As further education campuses prepare to unlock their doors this summer, college libraries and learning resource centres (LRCs) have a key part to play. And while buildings may have been closed back in March, libraries across the country have been very much open for business online.
At a recent E-books for FE drop-in clinic we caught up with nearly 100 FE and sixth form learning resources staff to hear about their experiences of lockdown and how they are getting ready for next term, building on their emergency response. We uncovered a wealth of ideas and insights as well as a number of concerns and challenges across the sector. It is perhaps a sign of the drive and commitment of staff that so many chose to participate in a particularly sunny half-term week!
What are we learning?
- Colleges which have grown their digital library capacity in recent years have been able to build on their existing online provision and offer students and teachers valuable continuity
- Digital library content, such as the Jisc E-books-for-FE service, has enabled learning resources staff to respond to the needs of teachers for flexible content that students can access from home
- Libraries have appreciated temporary access to extra subscription content during lockdown, such as the Jisc vocational learning resources, as well as journals and books from commercial publishers
- Library staff digital skills have been valuable in adapting to online service delivery, enabling them to work together remotely as well as help teachers and students to use online platforms and tools
- Libraries are ready to share inspiration, challenges and solutions – a valuable skill in a crisis
Keeping up awesome interaction online
So how are libraries gearing up?
While colleges are at different stages of readiness when it comes to reopening buildings and reshaping their library delivery model, there are several common themes across the sector. What stands out is libraries’ drive to maintain high quality support and interaction with their students and teachers:
- Planning for reopening of physical learning spaces, including safe access to books and computers, is the immediate challenge. Many libraries are looking to emulate the supermarkets and offer ‘click and collect’, with online appointments for help and advice on finding and using resources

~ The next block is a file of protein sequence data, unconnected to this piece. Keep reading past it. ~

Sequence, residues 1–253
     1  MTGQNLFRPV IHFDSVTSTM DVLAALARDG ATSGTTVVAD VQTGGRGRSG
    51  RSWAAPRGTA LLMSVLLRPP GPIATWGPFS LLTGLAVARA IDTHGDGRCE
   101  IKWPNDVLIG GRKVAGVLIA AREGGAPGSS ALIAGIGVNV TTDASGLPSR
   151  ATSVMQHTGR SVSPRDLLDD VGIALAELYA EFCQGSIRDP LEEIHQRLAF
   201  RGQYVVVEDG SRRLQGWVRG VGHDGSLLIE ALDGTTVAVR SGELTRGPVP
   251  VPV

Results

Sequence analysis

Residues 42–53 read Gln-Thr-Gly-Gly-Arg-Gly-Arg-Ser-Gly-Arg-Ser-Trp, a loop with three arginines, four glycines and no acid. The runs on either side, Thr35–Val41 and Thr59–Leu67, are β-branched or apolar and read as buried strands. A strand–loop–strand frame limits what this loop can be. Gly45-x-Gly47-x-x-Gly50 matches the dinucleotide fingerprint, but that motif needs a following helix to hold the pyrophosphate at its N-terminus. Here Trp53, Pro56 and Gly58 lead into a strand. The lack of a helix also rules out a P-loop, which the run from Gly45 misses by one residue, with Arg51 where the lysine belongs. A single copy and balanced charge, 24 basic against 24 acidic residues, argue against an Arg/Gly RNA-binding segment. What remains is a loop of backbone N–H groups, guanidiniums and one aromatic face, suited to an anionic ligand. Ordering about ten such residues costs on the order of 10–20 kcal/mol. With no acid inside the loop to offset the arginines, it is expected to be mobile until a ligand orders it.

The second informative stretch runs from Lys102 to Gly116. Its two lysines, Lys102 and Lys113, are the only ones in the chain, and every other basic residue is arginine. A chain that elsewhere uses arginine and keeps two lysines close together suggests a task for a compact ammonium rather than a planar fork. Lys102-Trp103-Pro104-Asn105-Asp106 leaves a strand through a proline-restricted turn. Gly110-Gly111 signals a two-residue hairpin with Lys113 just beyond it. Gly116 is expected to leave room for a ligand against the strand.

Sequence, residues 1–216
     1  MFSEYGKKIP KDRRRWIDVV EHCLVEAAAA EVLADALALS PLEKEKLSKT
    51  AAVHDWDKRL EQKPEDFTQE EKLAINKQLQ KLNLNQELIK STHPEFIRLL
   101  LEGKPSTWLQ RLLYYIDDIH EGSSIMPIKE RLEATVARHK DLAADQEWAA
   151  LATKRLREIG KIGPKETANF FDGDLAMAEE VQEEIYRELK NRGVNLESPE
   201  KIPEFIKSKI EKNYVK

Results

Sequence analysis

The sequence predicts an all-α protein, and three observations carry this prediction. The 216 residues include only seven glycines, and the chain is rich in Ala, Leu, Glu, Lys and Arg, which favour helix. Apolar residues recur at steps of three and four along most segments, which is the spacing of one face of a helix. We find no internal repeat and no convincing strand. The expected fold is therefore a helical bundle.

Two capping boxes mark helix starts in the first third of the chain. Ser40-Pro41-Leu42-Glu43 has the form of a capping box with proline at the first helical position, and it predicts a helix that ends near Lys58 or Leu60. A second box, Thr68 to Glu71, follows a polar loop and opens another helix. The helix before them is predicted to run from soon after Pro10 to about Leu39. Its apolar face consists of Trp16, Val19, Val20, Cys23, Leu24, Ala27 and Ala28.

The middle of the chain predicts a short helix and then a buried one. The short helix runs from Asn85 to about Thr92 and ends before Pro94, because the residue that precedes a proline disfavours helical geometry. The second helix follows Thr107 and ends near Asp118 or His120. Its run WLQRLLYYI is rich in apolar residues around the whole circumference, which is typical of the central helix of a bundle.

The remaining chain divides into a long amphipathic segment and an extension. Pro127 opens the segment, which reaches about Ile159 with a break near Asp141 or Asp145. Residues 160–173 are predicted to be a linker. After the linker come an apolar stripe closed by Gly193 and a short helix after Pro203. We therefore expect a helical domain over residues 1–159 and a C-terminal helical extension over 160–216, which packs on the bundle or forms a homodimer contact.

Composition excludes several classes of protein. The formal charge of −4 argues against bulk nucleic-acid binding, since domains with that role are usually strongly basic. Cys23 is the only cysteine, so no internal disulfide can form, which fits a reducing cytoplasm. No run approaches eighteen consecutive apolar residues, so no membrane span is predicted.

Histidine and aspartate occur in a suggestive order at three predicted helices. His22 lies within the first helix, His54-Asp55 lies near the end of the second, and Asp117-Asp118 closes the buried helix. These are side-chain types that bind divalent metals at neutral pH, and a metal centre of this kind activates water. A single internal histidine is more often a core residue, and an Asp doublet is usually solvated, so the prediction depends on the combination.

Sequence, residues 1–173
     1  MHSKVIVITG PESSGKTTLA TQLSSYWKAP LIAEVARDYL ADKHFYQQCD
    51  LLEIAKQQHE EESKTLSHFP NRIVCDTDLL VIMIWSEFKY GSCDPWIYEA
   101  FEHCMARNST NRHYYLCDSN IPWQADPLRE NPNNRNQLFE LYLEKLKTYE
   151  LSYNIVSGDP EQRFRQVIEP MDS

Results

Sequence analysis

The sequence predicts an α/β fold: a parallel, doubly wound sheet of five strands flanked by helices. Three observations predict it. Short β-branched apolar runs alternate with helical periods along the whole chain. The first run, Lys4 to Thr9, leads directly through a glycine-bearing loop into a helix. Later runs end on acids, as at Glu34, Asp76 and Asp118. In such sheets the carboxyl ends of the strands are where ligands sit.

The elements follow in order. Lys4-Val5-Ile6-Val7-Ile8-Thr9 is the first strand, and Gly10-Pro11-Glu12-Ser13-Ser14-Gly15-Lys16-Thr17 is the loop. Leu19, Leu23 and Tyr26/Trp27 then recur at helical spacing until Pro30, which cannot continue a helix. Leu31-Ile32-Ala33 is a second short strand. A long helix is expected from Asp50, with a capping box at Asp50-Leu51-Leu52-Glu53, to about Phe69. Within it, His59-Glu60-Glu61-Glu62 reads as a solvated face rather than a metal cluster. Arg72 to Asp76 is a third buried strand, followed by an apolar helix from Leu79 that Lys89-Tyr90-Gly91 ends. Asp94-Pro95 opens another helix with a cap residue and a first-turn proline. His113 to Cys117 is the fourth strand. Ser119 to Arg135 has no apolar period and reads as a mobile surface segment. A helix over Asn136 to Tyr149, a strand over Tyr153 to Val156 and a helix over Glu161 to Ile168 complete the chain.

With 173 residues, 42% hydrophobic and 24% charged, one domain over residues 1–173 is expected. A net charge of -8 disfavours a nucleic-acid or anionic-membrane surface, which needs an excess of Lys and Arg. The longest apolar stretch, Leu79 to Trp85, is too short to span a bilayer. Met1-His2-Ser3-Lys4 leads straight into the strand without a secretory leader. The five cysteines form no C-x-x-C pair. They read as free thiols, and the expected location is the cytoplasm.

- There is a need to expand e-book and e-journal provision to reduce dependency on print and to support more flexible learning and teaching; however many libraries envisage a need to maintain some degree of print provision
- Concerns for curriculum areas where required texts are not available in suitable digital formats, are prohibitively expensive or are subject to licenses poorly suited to an educational environment
- Engagement is a major theme. Time and money invested in acquiring e-resources will only reap benefits if learners and teachers are motivated to pick up that content and have the skills to use it effectively
- The shift towards delivering LRC inductions and library skills teaching online will be a challenge. While some colleges already have some elements in place (e.g. tutorials on the VLE), for others it will be a brand new venture. Some are keen to introduce creative solutions such as video to complement or replace f2f library tours
- Student and staff support has switched from f2f conversations to online channels with some success. These channels include e.g. Microsoft Teams, ‘ask a librarian’ chat, email and social media. LRC staff are keen to maintain visibility and promote a friendly, personal, human touch online. They also recognise that some students could fall through the net because they lack the confidence to ask for help or because they lack the skills to tap into the digital library. Library staff have a keen interest in the digital wellbeing of students as well as that of their own teams.
The accelerated shift to more online learning and teaching is creating new demands and uncertainties. The good news is that college libraries are determined to be – as one participant succinctly put it – ‘an excellent resource students like’.
Access to new ideas and positivity
We asked participants to share their top takeaways from this very well-attended, highly participative webinar. These included:
- Specific ideas people intended to explore as a result of attending included: induction videos, webinars, ‘ask a librarian’ chat, podcasts and supporting students and staff wherever they may be
- Many people welcomed the fact that CoLRiC has generously shared advice in Unlocking libraries – CoLRiC guidance for post lockdown reopening
- Above all, participants welcomed the realisation that they and their teams are not alone.
Going on the evidence of our event, many college libraries and LRCs are coming out of lockdown with their digital resources higher up the college agenda, their digital skills reinforced and their team communications strengthened. The demands of social distancing and stock quarantine may restrict some physical aspects of their services, but for the digital college library, the doors are already open.
You can access recordings and resources from the event on 27 May, as well as others in the series, via the E-books for FE drop-in clinics page. Handy links to help college libraries and LRCs prepare and reshape their services can also be found in this wakelet.
In response to demand we’re running a further drop-in webinar on 24 June. For further details see the Jisc Training page. All our FE members with an interest in learning resources and library provision are welcome to come and continue the conversation.